The Mortgage Register shows only brief details of the mortgage, such as the date and time of its creation and registration, the name and address of the mortgagee and the number of shares mortgaged.  Also, the Mortgage Register is open to inspection by the public upon payment of a search fee and a certified copy of the mortgage documents may be given on application and on payment of a relevant fee.

  • Creation and forms of ship mortgages

Under the Law, any registered ship or share therein may be the subject of a mortgage created in accordance with the Law, without any restriction as to the type of ship mortgaged. Also, the mortgage is upon the ship, her boats and appurtenances.  The judicial interpretation of these words is that they cover all articles necessary to the navigation of the ship or to the prosecution of the adventure which was on hand at the date of the mortgage or, which, though not then on board, were subsequently brought on board in substitution for other such articles.

The mortgage must be in a form prescribed by the Law and must be accompanied by a deed of covenants agreed between the parties and dealing with any matter relating to the mortgage, including certain matters prescribed by the Law.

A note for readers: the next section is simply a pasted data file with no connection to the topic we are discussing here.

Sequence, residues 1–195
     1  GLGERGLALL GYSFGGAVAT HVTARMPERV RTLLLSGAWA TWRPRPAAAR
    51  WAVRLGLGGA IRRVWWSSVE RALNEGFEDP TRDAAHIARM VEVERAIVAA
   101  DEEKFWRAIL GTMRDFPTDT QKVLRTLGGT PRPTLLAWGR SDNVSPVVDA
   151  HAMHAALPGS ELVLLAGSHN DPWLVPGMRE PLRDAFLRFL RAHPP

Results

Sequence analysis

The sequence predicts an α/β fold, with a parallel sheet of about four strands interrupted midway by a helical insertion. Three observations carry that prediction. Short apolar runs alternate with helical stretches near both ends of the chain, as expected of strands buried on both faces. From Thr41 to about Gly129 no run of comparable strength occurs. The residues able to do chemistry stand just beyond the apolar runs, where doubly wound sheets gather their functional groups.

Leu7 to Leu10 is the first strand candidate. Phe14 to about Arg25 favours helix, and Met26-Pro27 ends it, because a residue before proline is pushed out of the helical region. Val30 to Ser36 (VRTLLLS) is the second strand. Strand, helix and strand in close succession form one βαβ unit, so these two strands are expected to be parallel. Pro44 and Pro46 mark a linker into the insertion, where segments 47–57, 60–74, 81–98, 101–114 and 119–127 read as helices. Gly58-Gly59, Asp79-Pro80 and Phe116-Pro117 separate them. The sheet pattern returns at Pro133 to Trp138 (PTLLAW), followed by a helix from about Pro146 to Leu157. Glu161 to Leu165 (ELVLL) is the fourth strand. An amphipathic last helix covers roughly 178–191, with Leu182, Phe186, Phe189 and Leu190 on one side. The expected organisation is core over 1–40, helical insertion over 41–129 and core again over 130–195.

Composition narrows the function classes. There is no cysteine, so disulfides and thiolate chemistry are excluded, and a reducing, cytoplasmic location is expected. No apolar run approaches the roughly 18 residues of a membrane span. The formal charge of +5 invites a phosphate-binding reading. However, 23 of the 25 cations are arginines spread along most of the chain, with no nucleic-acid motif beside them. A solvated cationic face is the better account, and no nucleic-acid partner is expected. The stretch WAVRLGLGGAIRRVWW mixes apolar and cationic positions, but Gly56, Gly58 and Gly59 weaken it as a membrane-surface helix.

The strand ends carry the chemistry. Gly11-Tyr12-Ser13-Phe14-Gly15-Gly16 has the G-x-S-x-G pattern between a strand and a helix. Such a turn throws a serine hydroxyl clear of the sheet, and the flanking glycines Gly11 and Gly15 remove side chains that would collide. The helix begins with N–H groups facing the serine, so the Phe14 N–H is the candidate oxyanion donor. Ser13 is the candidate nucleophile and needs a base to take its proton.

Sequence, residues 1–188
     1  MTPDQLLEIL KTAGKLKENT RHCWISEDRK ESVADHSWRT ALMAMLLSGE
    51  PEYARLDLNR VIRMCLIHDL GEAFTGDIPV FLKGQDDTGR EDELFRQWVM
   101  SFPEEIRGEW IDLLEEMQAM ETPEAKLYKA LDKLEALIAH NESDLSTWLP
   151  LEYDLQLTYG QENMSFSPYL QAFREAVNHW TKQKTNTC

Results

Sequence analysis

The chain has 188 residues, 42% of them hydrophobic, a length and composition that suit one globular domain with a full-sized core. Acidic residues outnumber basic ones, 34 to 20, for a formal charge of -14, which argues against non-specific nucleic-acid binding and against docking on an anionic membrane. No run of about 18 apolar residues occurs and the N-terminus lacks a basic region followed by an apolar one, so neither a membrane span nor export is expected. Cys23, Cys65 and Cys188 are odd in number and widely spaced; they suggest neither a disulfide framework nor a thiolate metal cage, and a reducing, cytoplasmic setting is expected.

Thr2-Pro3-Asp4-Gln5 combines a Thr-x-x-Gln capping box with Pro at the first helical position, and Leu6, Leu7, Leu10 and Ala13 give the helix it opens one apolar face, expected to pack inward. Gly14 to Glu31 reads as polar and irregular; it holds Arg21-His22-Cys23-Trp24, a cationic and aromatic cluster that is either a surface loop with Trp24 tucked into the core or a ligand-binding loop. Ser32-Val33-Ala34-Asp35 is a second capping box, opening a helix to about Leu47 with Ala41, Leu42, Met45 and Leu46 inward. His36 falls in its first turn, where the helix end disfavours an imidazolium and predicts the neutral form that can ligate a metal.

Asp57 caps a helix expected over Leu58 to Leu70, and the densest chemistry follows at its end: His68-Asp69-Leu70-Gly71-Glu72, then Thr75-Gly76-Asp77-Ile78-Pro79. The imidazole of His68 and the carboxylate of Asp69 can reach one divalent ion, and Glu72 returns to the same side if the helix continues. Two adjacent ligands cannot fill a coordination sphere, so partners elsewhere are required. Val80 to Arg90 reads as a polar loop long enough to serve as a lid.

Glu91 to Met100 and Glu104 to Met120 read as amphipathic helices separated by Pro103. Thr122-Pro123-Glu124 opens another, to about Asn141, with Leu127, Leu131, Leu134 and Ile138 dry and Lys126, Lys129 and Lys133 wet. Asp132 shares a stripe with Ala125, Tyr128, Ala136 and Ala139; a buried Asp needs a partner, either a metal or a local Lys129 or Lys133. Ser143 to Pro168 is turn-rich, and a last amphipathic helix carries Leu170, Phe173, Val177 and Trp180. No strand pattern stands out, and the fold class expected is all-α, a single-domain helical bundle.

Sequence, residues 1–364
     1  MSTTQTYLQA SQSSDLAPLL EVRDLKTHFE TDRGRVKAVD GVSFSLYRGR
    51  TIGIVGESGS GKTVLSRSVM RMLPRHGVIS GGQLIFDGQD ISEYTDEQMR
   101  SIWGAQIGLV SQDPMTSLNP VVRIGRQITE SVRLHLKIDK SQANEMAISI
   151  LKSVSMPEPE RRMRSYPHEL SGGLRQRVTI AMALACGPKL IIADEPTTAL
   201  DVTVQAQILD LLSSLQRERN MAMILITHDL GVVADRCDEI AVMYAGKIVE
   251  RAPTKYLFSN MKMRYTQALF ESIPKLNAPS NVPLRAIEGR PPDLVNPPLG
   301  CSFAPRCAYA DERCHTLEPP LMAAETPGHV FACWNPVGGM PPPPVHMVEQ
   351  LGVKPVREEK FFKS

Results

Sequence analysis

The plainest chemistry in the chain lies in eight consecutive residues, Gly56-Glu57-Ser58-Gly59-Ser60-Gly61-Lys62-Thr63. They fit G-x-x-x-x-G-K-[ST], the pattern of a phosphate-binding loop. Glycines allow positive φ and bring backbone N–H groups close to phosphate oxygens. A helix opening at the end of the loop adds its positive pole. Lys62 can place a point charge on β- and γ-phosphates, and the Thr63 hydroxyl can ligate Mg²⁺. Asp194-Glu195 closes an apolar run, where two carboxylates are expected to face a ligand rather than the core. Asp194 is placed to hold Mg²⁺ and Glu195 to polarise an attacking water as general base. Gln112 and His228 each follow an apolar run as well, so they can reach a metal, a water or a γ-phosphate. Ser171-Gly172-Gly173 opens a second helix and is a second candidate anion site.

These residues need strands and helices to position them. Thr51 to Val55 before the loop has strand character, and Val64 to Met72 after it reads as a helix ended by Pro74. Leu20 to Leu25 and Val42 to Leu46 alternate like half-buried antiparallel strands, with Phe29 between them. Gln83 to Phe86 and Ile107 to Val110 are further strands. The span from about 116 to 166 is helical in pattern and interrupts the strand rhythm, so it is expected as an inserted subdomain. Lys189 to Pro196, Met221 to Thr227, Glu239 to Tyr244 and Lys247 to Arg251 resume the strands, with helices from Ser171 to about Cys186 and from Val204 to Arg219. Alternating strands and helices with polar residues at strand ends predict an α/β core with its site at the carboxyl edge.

The Law provides two forms of mortgages, (i) mortgage to secure principal sum and interest and (ii) mortgage to secure an account current.

The principal sum and interest mortgage form, is used when a fixed sum of money is advanced to the mortgagor at an agreed interest and the mortgagee is solely seeking to secure such a sum with interest. Whereas the account current mortgage form secures further amounts, such as possible costs and expenses or other liabilities of the mortgagor. The account current mortgage form, has become very popular and is nowadays the form of mortgage that is most commonly used.